Cancer Patients Benefit from Cape Wellness Collaborative

Cape Wellness Collaborative patient: ‘The whole experience is for the mind, body and soul’

By Bill O’Neill | Above photo by Julia Cumes

It was just three weeks before her wedding when Jennifer Keller, then 30, learned she had Hodgkin’s lymphoma. By the end of 2015, after six months of chemotherapy, Keller said she was in “bad shape—mentally, physically and emotionally.”

That’s when a colleague told her about Cape Wellness Collaborative, a local nonprofit organization that provides integrative therapies free of charge for people with cancer. After contacting CWC, she learned patients receive a $250 card to use toward therapies. Keller, now 33, says she received massage therapy and Reiki therapy, as well as nutritional counseling.

Jennifer Keller, CWC’s volunteer coordinator

“The whole experience is for mind, body and soul, which I think is so wonderful,” says Keller. “When you’re going through cancer treatment, you just don’t have the money to spend on yourself. With all the medical bills, you’re not able to say, ‘I’m going to spend $100 on myself today.’”

Keller, who lives in Sandwich and works at Cape Cod Hospital as an ultrasound sonographer, started volunteering for the organization and is now the group’s volunteer coordinator. “I love that I can now give back to the organization that once helped me so greatly,” says Keller. She’s one of more than 250 people helped by CWC in the past two years. Keller says although her relapse rate is very high—she’s had Hodgkin’s lymphoma twice—she is currently in remission since her last stem cell transplant more than a year ago. Local musician Sarah Swain of Harwich founded CWC when she saw a need to connect people going through cancer treatment with integrative practitioners, including acupuncturists, chiropractors and yoga instructors. “Considering our goal was 25 people the first year and 50 the second, it’s grown beyond what I could have imagined,” says Swain.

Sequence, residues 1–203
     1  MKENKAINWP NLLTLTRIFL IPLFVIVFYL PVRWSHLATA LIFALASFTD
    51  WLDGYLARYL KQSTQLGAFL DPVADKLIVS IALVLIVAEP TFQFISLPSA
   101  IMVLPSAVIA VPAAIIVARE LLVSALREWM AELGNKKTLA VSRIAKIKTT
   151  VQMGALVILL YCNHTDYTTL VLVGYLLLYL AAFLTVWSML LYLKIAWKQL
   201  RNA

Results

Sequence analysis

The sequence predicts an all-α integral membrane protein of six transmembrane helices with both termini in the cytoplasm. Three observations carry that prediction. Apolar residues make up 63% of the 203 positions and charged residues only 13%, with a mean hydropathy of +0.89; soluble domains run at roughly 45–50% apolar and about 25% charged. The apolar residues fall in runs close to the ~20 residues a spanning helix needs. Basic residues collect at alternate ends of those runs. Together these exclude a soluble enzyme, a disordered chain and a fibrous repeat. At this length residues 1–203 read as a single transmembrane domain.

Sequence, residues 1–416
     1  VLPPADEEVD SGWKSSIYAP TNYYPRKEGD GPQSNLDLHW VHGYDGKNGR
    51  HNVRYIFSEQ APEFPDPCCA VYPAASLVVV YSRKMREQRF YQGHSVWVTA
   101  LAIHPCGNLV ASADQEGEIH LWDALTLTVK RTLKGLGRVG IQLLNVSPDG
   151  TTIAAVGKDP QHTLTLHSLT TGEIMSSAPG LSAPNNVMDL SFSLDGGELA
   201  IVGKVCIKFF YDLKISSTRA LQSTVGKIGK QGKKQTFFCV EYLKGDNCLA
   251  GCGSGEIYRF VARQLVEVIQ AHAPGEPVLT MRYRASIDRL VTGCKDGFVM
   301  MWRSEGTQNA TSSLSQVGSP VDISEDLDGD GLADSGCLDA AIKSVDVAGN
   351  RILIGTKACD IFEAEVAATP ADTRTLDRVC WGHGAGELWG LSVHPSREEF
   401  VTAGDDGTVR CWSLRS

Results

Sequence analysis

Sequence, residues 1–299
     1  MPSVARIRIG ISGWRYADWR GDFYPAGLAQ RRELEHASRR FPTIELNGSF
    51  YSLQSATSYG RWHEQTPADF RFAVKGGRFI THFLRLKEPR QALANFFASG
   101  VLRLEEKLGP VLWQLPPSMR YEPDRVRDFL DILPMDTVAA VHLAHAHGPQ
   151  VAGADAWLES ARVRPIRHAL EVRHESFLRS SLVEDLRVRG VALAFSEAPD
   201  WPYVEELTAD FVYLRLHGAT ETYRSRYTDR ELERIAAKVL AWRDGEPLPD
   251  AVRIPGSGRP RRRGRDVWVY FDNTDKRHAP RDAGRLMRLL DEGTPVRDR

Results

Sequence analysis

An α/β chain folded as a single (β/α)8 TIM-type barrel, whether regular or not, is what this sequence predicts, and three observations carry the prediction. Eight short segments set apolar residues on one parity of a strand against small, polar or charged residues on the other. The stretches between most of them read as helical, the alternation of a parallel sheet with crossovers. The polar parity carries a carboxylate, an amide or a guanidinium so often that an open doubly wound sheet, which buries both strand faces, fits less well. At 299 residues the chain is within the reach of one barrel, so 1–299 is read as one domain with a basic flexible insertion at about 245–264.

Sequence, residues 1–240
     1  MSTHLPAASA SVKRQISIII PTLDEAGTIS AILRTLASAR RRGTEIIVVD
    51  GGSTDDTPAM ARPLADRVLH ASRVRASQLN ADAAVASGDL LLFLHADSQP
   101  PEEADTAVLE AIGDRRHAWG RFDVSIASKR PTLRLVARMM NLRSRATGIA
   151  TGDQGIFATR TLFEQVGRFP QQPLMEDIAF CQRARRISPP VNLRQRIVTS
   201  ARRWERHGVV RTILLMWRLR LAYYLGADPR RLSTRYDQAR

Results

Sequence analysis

“We don’t use the word ‘alternative’ because we don’t feel these therapies are an alternative to doctors,” says Swain. “I’ve always believed strongly in a holistic approach, and that it shouldn’t be an either/or or an us/them mindset as far as therapies go.
“Cancer is very financially taxing on families. We wanted to make sure that everybody has access to these therapies, no matter what their financial status.”

Swain uses her network of contacts to coordinate the Cape Cod Women’s Music Festival and Dancing With the Docs, the biggest fundraisers for CWC, which also receives funding from grants and donations. Dancing with the Docs pairs local physicians with expert dancers for a gala competition. The debut version raised more than $100,000 last March.

Fundraisers in 2018 will include Dancing With the Docs on Feb. 3, Race to the Pint at Cape Cod Beer in April and the Cape Cod Women’s Music Festival on May 12 at the Cape Playhouse in Dennis. Performers at past festivals have included Meghan Trainor, Sarah Lee Guthrie and Ruby Rose Fox.

For more information, visit capewellness.org or call 774-408-8477.

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